From 1994-2004, a federal law prohibited “semi-automatic assault weapons”, which were defined as firearms with large capacity ammunition feeding devices. While the number of firearm murders and active shooting incidents (attempting to kill people in a populated space) have both increased since 2004, handguns are more commonly used in both overall firearm homicides and active shooting incidents.
WHAT DO THE CONSTITUTION & THE SUPREME COURT SAY ABOUT GUN RIGHTS?
The Second Amendment of the U.S. Constitution states:
“A well regulated Militia, being necessary to the security of a free State, the right of the people to keep and bear Arms, shall not be infringed.”
Like other constitutional rights, the right to bear arms has been interpreted by the U.S. Supreme Court in light of policies advanced by governments that seek to limit that right. Its most significant decision related to gun rights came in 2008’s Heller v. District of Columbia, which held that individuals have the right to own a firearm for lawful purposes such as self-defense. D.C. attempted to ban handguns & mandate that rifles & shotguns either be kept unloaded & disassembled or bound by a trigger lock in the owner’s home. Both of those requirements were found to be unconstitutional, although the majority’s opinion noted:
"The Court’s opinion should not be taken to cast doubt on longstanding prohibitions on the possession of firearms by felons and the mentally ill, or laws forbidding the carrying of firearms in sensitive places such as schools and government buildings, or laws imposing conditions and qualifications on the commercial sale of arms."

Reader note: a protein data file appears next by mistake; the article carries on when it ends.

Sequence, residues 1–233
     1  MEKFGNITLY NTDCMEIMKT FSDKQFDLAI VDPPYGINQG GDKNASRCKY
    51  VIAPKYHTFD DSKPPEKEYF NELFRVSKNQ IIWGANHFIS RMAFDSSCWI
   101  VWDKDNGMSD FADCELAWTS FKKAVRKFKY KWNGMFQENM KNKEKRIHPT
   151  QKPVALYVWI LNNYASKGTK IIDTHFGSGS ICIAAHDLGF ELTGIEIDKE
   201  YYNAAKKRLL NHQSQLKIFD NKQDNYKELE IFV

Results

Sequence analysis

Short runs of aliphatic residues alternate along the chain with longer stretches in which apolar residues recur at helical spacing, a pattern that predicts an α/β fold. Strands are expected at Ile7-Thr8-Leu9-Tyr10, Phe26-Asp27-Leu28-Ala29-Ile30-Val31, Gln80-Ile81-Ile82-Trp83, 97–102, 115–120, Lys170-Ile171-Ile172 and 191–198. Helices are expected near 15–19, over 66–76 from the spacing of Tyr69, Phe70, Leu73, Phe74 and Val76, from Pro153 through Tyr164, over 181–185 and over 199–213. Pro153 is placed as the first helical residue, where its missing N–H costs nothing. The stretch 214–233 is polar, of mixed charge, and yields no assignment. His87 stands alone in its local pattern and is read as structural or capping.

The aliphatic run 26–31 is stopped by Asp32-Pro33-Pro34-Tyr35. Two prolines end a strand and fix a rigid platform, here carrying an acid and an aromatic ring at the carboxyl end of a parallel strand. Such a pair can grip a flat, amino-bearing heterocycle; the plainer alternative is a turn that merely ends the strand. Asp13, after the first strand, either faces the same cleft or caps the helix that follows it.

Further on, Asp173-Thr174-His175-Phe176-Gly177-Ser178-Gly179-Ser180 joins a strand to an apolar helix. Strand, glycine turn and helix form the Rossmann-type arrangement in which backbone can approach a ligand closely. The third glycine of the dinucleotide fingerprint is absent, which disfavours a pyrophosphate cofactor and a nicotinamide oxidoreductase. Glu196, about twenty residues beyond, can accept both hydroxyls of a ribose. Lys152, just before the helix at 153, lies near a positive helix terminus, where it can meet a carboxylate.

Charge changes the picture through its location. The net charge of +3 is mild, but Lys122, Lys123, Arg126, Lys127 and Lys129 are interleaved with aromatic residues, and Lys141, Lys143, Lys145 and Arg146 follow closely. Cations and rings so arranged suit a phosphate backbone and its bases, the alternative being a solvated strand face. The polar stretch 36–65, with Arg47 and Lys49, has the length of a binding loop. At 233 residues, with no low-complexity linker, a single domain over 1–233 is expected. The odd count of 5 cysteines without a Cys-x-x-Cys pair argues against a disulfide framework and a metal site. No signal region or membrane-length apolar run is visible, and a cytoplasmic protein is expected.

Since Heller, there have been two notable decisions that reaffirmed & further shaped the legal debate surrounding Second Amendment rights:
- McDonald v. City of Chicago (2010): The Court held that the Second Amendment’s protections extend to state policies through the 14th Amendment’s Due Process Clause and apply to cities & states in the same manner Heller applied to D.C. The case concerned a similar handgun ban & restrictions on rifles & shotguns imposed by the city of Chicago, which were found to be unconstitutional.
- Caetano v. Massachusetts (2016): The Court unanimously held that the Second Amendment protects the right to possess "all instruments that constitute bearable arms, even those that were not in existence at the time of the founding, and that this Second Amendment right is fully applicable to the States." It struck down a ban on stun guns enacted by the state of Massachusetts.
For several years after Caetano, the Supreme Court declined to hear cases involving state-level firearm restrictions, including a 10-day waiting period and an “assault weapons” ban. However, in December 2019 it heard oral arguments concerning a New York City ban on handgun owners transferring a locked & unloaded handgun outside of the city limits (such as to a gun range or vacation home).